It also referred six cases to its disciplinary process for a range of offenses including anti-money laundering (AML) failures and not identifying profit mark-ups on services.
The SRA Residential Conveyancing Thematic Review of the sector found in 23 per cent of leasehold purchases, firms failed to explain the difference between freehold and leasehold properties.
Instead, some firms were relying on client knowledge or information provided by estate agents.
The SRA said this was “of particular concern, as leasehold purchasers can find themselves liable for fast rising charges, such as ground rents.”
“In the long term, such payments may not only become unaffordable, but they may make it very difficult to sell the lease on,” it added.
Missing costs and mark-ups
The regulator also found that in one third of cases reviewed, the initial quotes did not include fees for additional work which should have been reasonably anticipated at the outset.
And 37 per cent of firms failed to be transparent about the mark-ups they added to the fee a bank charged for making a telegraphic transfer.
In some cases, this led to clients being charged as much as ten times the fee set by the bank.
Typically, the missing costs related to processing bank transfers, accessing online portals, mortgage administration fees, electronic ID checks or administering gifted deposits.
“Not only can this leave buyers having to pay unexpected costs, but there is a concern that some firms may be providing unrealistic initial quotes in order to win business,” the SRA said.
As a result of the review six cases were into the SRAs internal disciplinary processes. These cases concerned:
- anti-money laundering issues arising from a failure to investigate source of wealth and inadequate client due diligence documentation;
- listing telegraphic transfer fees as a disbursement rather than a profit cost (five firms);
- the client care letter not referring to the client’s right to complain to LeO;
- charging VAT on disbursements;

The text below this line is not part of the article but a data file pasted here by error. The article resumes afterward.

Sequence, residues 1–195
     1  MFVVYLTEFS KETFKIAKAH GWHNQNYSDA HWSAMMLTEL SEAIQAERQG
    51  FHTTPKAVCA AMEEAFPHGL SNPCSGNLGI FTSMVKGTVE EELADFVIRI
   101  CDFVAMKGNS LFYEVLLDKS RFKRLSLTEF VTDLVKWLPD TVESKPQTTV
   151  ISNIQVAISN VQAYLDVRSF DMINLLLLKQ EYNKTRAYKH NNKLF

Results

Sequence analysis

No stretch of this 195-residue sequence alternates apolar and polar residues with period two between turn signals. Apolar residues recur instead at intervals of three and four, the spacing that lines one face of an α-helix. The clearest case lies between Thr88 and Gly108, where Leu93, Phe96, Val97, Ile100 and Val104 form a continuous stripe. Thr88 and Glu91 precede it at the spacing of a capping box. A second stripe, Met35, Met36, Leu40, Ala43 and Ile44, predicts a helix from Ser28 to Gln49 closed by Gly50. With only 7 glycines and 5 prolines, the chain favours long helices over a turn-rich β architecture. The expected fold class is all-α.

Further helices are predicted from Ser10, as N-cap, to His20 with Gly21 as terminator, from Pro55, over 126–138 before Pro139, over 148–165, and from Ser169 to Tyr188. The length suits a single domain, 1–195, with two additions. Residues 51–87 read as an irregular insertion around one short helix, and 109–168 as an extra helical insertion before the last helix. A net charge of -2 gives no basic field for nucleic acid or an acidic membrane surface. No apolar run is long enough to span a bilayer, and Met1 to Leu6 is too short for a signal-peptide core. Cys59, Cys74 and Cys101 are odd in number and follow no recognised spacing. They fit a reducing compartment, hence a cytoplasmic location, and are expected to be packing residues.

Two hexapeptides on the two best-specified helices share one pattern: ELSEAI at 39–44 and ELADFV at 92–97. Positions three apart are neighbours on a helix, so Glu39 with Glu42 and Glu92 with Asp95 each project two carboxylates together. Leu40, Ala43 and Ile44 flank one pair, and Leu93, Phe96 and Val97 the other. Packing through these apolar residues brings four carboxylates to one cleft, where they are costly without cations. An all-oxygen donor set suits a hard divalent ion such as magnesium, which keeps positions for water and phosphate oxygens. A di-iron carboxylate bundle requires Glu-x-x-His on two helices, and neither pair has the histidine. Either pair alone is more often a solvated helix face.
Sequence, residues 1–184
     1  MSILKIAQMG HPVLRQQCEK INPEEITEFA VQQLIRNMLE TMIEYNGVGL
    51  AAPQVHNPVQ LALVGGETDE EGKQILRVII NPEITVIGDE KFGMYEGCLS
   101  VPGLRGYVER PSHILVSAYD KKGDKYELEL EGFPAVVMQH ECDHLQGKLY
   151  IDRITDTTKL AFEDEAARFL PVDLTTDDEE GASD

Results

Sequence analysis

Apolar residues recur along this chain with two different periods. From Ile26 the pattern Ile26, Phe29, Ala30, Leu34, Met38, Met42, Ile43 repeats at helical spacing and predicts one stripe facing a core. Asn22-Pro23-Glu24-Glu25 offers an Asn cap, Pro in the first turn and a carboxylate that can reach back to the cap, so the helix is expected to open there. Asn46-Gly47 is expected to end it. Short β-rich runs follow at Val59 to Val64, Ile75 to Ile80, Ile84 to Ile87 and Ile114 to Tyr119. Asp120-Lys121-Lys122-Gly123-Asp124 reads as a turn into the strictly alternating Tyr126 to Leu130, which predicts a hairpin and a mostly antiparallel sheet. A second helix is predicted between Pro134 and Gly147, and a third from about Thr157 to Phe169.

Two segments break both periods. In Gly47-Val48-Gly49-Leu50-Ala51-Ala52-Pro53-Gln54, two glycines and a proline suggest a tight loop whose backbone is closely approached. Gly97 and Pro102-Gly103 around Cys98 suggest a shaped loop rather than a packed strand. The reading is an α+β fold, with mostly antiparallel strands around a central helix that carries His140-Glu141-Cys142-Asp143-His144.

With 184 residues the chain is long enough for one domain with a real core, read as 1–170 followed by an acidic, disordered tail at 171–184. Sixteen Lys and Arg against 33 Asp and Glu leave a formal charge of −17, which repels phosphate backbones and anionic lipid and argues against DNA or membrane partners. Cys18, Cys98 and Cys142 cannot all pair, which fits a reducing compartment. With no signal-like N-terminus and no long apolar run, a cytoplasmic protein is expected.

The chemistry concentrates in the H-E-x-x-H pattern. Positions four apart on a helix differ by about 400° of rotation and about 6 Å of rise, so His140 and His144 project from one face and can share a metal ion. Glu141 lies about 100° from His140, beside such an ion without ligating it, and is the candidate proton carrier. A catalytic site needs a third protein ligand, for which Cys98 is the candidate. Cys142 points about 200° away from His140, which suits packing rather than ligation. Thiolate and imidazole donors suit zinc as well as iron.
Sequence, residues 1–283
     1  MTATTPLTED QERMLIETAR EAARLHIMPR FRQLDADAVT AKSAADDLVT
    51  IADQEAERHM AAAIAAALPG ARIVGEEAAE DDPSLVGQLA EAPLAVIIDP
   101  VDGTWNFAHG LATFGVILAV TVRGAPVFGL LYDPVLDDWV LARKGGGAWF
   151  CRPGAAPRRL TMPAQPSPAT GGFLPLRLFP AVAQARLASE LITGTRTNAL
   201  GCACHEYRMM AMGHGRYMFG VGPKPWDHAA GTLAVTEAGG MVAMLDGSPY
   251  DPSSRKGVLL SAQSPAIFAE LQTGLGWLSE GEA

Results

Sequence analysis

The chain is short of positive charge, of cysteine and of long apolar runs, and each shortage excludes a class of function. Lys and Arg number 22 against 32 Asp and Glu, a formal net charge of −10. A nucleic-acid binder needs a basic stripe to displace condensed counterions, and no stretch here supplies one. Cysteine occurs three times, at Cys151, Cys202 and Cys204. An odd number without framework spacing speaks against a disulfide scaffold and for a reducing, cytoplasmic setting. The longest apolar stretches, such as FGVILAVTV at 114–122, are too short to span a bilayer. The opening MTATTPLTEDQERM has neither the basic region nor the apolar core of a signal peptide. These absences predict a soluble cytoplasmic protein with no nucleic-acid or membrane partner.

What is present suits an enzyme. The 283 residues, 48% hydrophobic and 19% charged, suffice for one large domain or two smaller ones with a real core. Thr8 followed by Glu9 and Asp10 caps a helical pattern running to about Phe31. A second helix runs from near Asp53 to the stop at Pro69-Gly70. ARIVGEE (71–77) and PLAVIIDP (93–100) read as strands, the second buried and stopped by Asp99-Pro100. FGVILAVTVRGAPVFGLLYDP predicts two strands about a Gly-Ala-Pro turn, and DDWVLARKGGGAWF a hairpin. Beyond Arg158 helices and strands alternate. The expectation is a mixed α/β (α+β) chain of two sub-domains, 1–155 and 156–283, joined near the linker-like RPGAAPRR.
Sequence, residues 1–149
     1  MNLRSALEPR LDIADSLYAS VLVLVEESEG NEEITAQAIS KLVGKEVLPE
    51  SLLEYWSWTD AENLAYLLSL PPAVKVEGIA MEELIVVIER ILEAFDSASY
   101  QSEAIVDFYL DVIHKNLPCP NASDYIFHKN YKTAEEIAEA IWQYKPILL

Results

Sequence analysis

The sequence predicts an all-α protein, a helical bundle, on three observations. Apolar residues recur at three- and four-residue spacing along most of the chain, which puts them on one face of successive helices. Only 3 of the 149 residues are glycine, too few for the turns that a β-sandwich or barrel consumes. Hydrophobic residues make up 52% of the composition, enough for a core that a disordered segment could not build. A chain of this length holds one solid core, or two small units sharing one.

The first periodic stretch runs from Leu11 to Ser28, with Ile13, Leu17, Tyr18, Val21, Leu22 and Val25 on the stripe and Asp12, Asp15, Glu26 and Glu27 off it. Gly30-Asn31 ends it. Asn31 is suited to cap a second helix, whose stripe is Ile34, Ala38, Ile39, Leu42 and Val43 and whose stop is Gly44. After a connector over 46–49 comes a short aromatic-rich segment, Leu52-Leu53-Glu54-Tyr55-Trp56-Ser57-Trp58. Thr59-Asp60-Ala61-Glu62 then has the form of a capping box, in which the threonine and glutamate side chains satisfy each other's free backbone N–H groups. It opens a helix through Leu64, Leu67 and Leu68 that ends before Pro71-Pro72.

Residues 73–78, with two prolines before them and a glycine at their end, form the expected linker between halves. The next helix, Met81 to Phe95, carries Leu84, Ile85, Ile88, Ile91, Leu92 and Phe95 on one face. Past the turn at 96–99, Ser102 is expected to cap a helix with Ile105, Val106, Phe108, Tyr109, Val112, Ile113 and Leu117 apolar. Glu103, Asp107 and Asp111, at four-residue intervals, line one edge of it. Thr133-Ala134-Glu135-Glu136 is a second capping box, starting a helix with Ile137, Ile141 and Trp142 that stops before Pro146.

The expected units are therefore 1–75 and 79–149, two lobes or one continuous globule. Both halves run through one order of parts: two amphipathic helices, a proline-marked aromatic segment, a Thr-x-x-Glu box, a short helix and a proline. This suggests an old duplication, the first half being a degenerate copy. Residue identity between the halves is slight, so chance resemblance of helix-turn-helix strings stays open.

- authorisation issues.
However, despite the issues raised, the SRA was generally content with its review of 40 firms and 80 cases, noting most solicitors were doing what they should.
Given the relatively small number of firms visited, it emphasised that the report was intended to be qualitative and aimed to increase understanding of the concerns and issues that have been raised.
Firms generally showed they had systems and processes in place to provide a proper service to clients.
And the SRA found no evidence of firms inflating their fees after the initial quote without explaining the reason for the extra costs.
SRA chairwoman Anna Bradley said: “It is disappointing to see examples of poor practice in conveyancing, which is so important to so many people.
“While many law firms and solicitors provide a good service and act in their clients’ best interests, those who do not let down not only their clients, but the profession as whole.
“People should be able to rely on their solicitors to be open about what their services will cost, and to explain the potential financial and legal implications of any transaction.
“When solicitors fail to do this, for example in relation to long term leasehold charges, they may be leaving their clients open to ever increasing and potentially unaffordable financial liabilities.”
Bradley added that the regulator will now be looking closely at how firms are publishing their pricing for conveyancing and that it will be sharing this report with the government as it considers leasehold reform.